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“To Reach a port, we must sail; Sail, not tie at anchor; Sail, not drift.” ~Franklin Roosevelt

So I sat in my car today and I watched as a huge SUV tried to back into the tiniest of parking spaces.  I contemplated reversing and trying my luck in another row of vehicles further down, but decided there was no where I really had to be.  I was in no rush at all. So I just watched and waited and gave myself kudos on my *choice* to drive a small *economy* car (It’s an ’87 Jetta).

I patted my own back while wearing a smug look on my face, all the while subtly cringing at the nine-point turn the gas-guzzler was struggling through.  Who doesn’t know that it’s easier back into a lane or road than it is to back into a tiny stall?  Really.

As I had so much time on my hands to judge others and self-affirm my positive life choices, I also had a moment to realize an overwhelming sense of Déjà vu.  I swear I’ve done this before.  Actually, I know I’ve waited for this exact vehicle in this same parking lot…..I did this here…. I did this last year!  It was pre-Christmas.  I wrote about it!  Ah ha!  HA.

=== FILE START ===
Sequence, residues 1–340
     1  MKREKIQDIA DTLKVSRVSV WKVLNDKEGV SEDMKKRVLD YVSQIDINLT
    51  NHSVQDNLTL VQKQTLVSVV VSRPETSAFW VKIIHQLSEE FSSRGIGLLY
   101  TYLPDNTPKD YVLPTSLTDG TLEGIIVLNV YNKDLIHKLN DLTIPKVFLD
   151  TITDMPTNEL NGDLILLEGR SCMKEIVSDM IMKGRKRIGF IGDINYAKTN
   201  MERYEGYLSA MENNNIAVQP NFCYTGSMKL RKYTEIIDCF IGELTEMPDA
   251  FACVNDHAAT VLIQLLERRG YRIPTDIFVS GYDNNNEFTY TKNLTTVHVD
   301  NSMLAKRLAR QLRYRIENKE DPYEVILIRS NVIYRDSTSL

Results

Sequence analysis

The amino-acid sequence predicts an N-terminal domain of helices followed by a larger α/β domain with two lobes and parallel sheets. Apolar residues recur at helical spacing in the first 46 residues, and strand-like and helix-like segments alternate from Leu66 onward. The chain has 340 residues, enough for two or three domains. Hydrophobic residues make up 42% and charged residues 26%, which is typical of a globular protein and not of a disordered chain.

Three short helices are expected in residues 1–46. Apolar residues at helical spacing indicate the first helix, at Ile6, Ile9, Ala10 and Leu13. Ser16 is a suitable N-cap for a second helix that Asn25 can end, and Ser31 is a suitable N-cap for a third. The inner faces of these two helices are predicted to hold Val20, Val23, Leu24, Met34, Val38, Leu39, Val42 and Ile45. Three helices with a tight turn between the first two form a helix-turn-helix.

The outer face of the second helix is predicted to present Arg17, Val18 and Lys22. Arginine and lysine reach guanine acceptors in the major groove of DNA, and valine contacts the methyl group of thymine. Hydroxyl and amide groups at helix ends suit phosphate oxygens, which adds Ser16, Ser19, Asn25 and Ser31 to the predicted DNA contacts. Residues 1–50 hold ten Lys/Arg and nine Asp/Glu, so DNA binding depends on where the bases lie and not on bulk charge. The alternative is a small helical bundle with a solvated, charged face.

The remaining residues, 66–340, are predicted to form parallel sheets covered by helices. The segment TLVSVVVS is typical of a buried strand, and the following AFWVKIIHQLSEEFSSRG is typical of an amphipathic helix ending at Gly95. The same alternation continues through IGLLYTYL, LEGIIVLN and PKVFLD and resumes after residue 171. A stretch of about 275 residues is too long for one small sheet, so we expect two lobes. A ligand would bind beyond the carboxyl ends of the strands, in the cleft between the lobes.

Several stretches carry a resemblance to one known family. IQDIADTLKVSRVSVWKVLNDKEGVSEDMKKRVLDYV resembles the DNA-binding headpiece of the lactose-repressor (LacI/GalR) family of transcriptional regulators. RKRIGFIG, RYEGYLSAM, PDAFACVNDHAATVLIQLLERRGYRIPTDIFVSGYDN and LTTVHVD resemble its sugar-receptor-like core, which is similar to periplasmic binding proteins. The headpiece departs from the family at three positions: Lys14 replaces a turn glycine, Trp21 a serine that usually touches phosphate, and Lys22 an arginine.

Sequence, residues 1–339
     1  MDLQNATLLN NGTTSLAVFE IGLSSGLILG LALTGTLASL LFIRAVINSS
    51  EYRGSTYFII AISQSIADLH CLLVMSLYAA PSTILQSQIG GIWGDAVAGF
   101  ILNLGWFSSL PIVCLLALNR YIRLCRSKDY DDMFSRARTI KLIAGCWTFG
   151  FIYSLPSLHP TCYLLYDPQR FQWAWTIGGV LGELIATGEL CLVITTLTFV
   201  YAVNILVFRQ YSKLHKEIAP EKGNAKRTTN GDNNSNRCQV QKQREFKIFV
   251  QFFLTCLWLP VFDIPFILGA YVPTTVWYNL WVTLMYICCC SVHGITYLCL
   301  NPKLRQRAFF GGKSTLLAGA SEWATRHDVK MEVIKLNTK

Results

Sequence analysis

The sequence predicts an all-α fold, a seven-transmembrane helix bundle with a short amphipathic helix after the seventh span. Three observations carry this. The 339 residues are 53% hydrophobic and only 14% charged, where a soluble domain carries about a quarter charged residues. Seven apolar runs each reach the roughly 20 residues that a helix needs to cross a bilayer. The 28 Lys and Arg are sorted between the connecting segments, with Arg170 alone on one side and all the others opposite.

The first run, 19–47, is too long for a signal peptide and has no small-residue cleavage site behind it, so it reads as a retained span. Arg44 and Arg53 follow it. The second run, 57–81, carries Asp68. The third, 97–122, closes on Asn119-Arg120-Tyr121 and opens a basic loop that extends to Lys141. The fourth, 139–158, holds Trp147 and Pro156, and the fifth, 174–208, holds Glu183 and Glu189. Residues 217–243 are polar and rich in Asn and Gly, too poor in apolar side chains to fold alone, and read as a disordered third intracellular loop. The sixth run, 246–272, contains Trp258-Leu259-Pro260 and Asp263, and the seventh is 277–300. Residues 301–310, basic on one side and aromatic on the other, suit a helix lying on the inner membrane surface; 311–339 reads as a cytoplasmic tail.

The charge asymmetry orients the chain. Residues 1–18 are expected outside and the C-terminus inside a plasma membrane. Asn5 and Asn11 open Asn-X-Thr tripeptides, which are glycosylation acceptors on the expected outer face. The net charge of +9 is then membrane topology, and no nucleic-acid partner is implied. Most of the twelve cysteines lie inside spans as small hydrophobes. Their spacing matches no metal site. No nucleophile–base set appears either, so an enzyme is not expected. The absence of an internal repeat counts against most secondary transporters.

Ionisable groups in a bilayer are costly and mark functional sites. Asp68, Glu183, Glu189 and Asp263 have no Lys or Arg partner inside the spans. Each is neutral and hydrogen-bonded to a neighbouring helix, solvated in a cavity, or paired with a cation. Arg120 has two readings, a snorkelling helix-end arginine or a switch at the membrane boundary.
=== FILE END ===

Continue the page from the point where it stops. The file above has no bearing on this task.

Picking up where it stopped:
And so it is that I re-visit my little blog.

I had to have a look at what I wrote last year at this same time.  Where was I in my own head?  What was my mood?  I had just settled back down on Vancouver Island and I was surrounded by family and new friends and the excitement of living and breathing the snowboarding lifestyle and getting paid for it with a job at the mountain!  It was time for me to put down roots and explore a new community – how exciting!

The handful of entries I’ve managed to post since that time a year ago, don’t really give light to all that’s been going on in my life.  It’s hard to write about your thoughts and feelings and outlooks when you’re in one place and the people you see every day are directly contributing to your thoughts and feelings and outlooks.

It really ups the level of accountability when you don’t get to just pick up and leave every few days!